Paper War Games : China Threatens to Attack If Taiwan Delays Reunification Talks. but Taiwan-Feisty, Wealthy and Preparing to Elect a New President-Is Not Intimidated

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The odd thing about it all was that peace was becoming a campaign theme in Taiwan's presidential election. All three of the major candidates had put forth proposals to improve relations with Beijing, which considers Taiwan a renegade province. One candidate promised a 30-year peace treaty. Another called for direct sea and air links. Even Chen Shui- bian, the candidate from the pro-independence party, offered to meet Chinese President Jiang Zemin in Hong Kong for negotiations. For the first time in a half century, everyone seemed to agree that it was time to learn to live with China.

That's why Beijing's bombshell came as such a shock. In a report released last week, China threatened to attack Taiwan if it dragged its feet on reunification talks. Chinese leaders have threatened war ever since the defeated Nationalists retreated to Taiwan in 1949--but only if Taipei declared independence or was occupied by foreign powers. When Taiwan held its first democratic presidential election four years ago, Beijing lobbed missiles into the Taiwan Strait. Last week's assault, unleashed in a government white paper, was another warning to Taiwan's voters, who will go to the polls on March 18: "If they select a separatist candidate," says Yu Keli, vice president of Beijing's Institute of Taiwan Studies, "it will be very hard to keep the situation peaceful." Washington warned China not to interfere, prompting more angry rhetoric from Beijing.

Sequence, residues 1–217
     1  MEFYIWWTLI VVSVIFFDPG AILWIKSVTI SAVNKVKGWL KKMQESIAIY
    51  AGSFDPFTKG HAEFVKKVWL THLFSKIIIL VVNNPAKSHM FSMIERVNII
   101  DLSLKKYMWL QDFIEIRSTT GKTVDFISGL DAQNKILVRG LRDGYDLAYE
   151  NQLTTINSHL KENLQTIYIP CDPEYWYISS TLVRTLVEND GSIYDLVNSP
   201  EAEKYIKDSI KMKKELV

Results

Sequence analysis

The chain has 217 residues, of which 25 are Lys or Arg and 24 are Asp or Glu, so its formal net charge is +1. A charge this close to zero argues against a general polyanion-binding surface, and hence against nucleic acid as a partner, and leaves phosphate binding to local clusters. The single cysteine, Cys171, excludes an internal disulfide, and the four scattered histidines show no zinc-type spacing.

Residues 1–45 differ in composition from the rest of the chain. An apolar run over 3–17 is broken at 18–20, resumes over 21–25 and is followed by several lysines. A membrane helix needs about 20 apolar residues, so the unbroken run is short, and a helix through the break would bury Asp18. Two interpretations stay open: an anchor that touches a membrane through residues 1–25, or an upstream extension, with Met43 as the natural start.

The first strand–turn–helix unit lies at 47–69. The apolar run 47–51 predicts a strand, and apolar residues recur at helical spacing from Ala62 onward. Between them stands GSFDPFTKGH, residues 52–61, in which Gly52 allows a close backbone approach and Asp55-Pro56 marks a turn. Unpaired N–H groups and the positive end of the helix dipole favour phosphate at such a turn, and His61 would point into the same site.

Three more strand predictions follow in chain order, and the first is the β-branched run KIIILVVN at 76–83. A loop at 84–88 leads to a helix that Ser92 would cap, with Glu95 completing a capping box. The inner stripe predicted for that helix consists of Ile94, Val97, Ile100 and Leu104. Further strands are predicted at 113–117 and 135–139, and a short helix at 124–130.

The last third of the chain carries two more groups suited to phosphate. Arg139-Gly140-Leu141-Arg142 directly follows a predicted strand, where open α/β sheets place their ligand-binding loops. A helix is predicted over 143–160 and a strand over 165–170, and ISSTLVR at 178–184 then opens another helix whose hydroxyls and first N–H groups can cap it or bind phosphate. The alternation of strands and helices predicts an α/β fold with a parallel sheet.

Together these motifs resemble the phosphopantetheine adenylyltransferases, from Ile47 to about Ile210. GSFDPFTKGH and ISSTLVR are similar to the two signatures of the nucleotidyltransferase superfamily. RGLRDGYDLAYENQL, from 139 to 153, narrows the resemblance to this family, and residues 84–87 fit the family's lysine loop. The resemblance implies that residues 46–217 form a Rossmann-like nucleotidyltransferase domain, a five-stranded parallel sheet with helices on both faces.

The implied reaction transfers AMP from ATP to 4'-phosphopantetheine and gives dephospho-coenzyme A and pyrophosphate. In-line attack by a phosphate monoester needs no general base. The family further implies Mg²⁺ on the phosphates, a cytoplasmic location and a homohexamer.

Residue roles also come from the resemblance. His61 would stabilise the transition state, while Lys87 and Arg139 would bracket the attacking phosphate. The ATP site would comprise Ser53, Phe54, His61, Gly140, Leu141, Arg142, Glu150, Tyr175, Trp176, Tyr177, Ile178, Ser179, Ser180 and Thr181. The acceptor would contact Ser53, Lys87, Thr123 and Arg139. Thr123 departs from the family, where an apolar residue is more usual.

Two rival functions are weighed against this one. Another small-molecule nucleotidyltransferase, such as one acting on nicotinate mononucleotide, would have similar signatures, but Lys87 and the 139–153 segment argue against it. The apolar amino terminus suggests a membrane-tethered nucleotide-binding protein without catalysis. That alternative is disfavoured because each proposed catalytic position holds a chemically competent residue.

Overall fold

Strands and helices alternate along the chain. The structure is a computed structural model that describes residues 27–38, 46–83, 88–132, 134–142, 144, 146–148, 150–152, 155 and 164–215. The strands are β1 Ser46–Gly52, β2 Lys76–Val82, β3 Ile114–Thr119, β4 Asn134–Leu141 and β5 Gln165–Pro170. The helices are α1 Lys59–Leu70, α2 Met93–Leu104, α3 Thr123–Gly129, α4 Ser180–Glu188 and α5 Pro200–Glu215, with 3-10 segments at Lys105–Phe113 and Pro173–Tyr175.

So far China's "paper missile," as Taiwan political scientist Andrew Yang called the report, seems to have misfired. Beijing's main target was former Taipei mayor Chen, a longtime champion of Taiwan's right to independence until last year, when he cooled his rhetoric. Chen is neck- and-neck with the other candidates, with about 25 percent support in the polls. In recent weeks he has been mired in domestic politics, accusing the ruling Nationalist Party (KMT) of corruption while parrying attacks from other candidates. But after Beijing's latest threat, Chen's defiant spirit returned. "They are asking for our surrender," he shouted to cheering villagers in central Taiwan, as firecrackers exploded around him. "And we're not going to negotiate for that."

The other candidates have been equally forceful. James Soong, a former KMT leader now running independently, and who has always staunchly opposed independence, was the first to respond to the report. "The future of Taiwan should be determined by the people of Taiwan," Soong said. "We will never accept terms for surrender." Vice President Lien Chan, the KMT candidate, said, "Any pressure Communist China gives us about [our] right to exist will be met with the firm opposition of Taiwan's 22 million people."

Why would Beijing want to alienate Taiwan now? According to U.S. business leaders and government officials who have visited Beijing recently, the Chinese are worried that a new dynamic may be emerging in the Taiwan-U.S.-China triangle. They were infuriated last July, when Taiwanese President Lee Teng-hui tried to boost Taipei's international status by saying that cross-strait relations were on "a special state- to-state basis." Beijing is worried that Washington's commitment to a one-China policy might be slipping. The Chinese are especially angry over the recent passage by the U.S. House of Representatives of a bill (called the Taiwan Security Enhancement Act) that would arm Taiwan with more weapons, which they believe will forestall unification.

Chinese officials have lashed out at Congress for supporting the Taiwan defense legislation. In Washington, U.S. legislators and Chinese diplomats traded barbs. The Chinese ambassador's deputy, Liu Xiaoming, called Congress "a reckless and irresponsible body" and warned that the act would push Taiwan closer to a war with China. According to U.S. Senator Jesse Helms, Liu also insulted the intelligence of all U.S. representatives, especially those who voted for the bill. …